Next time you're in Leadville during the summer, take this driving tour into Colorado's past where, with a little imagination, mining's colorful history comes to life.
A few words of caution before you start:
Treasure hunting and rockhounding are not allowed in this area. Please do not touch or remove any artifacts. Remain on the primary roads as the land in the mining district is provately owned and structures and shafts can be dangerous.
Start your 45-minute tour by turning east on 7th street from Harrison Avenue. Set your trip odometer here.
Signpost No. 1 ==> 0.4 Miles
The wooden cribbing on the right marks the site of the Coronado Mine, significant as the site of bloody fighting during the Miners' Strike of 1896-97. The strike closed 90% of the mines when the miners demanded restoration of wages to the former pay rate of $3.00, which had been reduced to $2.50 during the Silver Panic of 1893. Fireman Jerry O'Keefe was shot by strikers as he turned on water to extinguish surface building fires which had been set on the night of September 21, 1896. The strike ended on March 9, 1897, with no pay increase.
Signpost No. 2 ==> 0.8 Miles
Fryer Hill to the left includes the lower hill that extends up to the road and was named for George H. Fryer, who staked the New Discovery claim on April 4, 1878. Silver ore in this small area was so rich and plentiful and so easily mined that it surpassed anything previously discovered in Colorado. His claim was quickly followed by the Chrysolite, the Robert E. Lee, and the Little Pittsburg. The two prospectors who discovered the Little Pittsburg had been grubstaked by H.A.W. Tabor, with "half of all they discovered belonging to him." Tabor's $17 grubstake paid very well as the Little Pittsburg soon yielded $8,000 per week and within a year was sold for $1,000,000. "Chicken Bill" Lovell "salted" his Chrysolite mine with stolen high-grade ore and sold it to Tabor. Tabor sank the worthless shaft 25 feet deeper and struck rich silver ore which produced $1,500,000 before he sold it.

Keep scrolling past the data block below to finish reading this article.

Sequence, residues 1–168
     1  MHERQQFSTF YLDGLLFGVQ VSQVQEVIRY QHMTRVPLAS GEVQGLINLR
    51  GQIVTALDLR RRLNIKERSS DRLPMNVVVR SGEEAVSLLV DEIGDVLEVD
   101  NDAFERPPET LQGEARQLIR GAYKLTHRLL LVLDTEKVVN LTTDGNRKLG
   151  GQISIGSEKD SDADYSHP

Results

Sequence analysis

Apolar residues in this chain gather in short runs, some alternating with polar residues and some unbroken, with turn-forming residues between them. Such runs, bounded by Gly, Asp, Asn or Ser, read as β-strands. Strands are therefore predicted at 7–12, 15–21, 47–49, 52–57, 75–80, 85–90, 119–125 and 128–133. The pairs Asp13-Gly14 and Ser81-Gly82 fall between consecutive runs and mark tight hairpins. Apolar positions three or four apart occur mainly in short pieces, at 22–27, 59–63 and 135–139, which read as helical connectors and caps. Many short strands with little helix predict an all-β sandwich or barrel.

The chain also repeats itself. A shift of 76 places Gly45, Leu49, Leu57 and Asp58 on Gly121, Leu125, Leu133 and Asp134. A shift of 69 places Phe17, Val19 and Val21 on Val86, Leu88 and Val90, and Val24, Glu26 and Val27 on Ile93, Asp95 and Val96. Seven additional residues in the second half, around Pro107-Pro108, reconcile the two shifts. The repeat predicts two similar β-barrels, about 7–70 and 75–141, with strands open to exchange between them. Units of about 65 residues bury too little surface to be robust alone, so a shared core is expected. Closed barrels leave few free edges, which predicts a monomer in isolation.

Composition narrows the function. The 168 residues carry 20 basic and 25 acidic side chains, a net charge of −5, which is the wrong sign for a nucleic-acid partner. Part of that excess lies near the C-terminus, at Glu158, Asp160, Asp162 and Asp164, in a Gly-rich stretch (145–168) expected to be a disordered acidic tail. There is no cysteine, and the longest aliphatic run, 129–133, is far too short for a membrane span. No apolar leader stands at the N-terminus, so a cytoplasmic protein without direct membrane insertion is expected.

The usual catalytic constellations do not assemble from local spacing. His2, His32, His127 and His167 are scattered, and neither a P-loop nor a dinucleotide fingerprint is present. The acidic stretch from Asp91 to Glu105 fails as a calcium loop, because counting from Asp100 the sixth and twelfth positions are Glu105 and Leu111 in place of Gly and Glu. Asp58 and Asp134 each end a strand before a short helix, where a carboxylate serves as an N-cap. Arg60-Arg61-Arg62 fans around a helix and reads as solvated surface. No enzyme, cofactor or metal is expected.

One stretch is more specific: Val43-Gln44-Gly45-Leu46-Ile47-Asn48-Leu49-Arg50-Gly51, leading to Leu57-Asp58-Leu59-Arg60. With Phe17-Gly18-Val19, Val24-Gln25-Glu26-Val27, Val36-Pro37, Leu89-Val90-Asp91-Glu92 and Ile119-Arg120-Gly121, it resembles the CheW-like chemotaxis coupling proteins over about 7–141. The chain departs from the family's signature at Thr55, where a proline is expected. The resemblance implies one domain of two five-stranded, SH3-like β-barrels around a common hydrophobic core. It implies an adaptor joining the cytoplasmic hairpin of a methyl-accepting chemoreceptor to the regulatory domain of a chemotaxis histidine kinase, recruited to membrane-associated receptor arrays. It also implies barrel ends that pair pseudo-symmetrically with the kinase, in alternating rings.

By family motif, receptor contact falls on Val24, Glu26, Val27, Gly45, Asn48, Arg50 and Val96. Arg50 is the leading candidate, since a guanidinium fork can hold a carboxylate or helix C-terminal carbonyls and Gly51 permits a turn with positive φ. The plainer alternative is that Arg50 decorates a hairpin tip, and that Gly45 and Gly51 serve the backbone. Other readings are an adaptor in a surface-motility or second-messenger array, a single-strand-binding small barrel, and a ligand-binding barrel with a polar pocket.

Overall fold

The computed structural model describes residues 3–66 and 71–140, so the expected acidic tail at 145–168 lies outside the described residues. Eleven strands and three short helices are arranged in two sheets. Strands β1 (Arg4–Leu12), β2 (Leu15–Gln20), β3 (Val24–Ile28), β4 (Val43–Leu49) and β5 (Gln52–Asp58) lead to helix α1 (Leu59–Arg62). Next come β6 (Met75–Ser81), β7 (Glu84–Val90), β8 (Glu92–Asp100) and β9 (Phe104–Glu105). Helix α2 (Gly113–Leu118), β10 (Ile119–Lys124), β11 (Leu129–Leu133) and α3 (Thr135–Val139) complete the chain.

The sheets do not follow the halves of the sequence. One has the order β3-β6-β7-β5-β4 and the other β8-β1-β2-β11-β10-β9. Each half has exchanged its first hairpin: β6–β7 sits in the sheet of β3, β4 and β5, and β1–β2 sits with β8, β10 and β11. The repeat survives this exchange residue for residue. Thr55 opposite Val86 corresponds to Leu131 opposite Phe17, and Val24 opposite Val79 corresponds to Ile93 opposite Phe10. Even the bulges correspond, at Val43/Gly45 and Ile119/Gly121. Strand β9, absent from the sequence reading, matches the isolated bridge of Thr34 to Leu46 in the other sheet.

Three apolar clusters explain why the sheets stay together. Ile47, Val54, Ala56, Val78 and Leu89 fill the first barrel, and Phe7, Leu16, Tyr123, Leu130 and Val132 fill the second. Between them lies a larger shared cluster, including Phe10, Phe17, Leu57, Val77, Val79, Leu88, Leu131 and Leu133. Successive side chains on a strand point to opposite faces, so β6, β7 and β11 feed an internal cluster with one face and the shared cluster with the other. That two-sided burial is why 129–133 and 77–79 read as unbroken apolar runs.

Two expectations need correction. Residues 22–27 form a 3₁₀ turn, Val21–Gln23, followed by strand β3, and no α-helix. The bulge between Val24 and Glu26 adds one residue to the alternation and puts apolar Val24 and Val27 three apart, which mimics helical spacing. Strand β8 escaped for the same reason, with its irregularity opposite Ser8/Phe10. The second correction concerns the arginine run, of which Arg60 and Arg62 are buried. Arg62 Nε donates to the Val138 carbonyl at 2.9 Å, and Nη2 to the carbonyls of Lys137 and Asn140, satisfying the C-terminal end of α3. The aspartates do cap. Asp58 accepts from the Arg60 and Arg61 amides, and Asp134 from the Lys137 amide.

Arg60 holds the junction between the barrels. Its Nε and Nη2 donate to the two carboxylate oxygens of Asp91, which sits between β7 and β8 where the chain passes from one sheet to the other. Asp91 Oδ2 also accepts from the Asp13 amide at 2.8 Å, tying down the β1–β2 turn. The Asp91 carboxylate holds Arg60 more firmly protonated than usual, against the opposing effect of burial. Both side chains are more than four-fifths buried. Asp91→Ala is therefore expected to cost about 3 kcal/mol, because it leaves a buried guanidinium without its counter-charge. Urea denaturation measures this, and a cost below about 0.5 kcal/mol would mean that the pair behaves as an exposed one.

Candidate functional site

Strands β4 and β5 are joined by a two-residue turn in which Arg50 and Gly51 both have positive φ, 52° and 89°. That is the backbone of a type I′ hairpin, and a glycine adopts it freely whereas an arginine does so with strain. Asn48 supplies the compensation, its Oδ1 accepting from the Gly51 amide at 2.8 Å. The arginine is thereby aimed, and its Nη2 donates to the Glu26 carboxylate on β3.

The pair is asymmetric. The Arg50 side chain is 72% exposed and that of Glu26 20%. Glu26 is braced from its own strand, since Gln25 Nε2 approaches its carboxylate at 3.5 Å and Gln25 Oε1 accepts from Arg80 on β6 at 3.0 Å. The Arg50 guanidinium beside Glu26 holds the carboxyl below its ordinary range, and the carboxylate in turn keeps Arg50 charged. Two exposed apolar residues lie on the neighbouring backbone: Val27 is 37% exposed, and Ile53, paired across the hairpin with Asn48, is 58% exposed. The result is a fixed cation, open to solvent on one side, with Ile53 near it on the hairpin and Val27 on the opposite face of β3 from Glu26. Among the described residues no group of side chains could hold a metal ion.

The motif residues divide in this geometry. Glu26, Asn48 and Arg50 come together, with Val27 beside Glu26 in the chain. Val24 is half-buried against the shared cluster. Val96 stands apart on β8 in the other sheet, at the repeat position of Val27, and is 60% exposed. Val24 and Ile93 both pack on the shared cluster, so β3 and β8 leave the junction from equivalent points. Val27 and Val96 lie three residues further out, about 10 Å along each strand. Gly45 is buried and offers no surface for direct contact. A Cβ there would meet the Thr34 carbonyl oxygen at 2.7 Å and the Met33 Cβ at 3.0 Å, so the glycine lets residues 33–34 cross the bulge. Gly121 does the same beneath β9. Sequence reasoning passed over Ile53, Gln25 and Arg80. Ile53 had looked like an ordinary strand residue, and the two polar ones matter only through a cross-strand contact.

Signpost No. 3 ==> 1.2 Miles
The head frame at the Wright Shaft for the Denver City Mine can be seen to the right. The shaft, 320 feet deep, is the finest example of a Cornish A-shaped head frame remaining in the area. This shape is predominant in the tin mine head frames of Cornwall, England. Note the wide-flanged sheave wheels atop the head frame. The road to the left leads to the Matchless Mine where information and mine tours are available.
Signpost No. 4 ==> 2.7 Miles
Where the road forks, bear to the left. In 1880, this junction in Big Evans Gulch was the focus of a small mining camp called Evansville, where families of miners employed in the nearby mines were housed. Evansville disappeared by the depression days of the 1930s, but you can still locate the stone foundations of some of the cabins.
Signpost No. 5 ==> 4.1 Miles
Famous Mine -- Fortune Mine
On the left are the ore bin and head frame of The Famous Mine, a small gold-silver-lead mine that was last operated in the late 1930s. Contrast this mine's head frame with the Cornish A-frame of the Wright Shaft. Up the hill to the right is The Fortune Mine, whose operations terminated in 1953 at a time of lead and zinc price decline.
Signpost No. 6 ==> 4.3 Miles
Resirrection Mine No. 2 Shaft
A small metal-clad building covers the No. 2 Shaft of The Resurrection Mine, which was operated on a large scale until a fire destroyed the surface plant in 1956. Lead, zinc, gold, and silver ores were taken from the lower levels of this 1,000-foot deep shaft through the connecting Yak Tunnel. The ore was transported four miles in underground trains to the tunnel portal and mill in California Gulch. Crossing the Mosquito Range is the Mosquito Pass stagecoach road, a primary access route to the area for twenty years before the arrival of the narrow gauge railroads in 1880.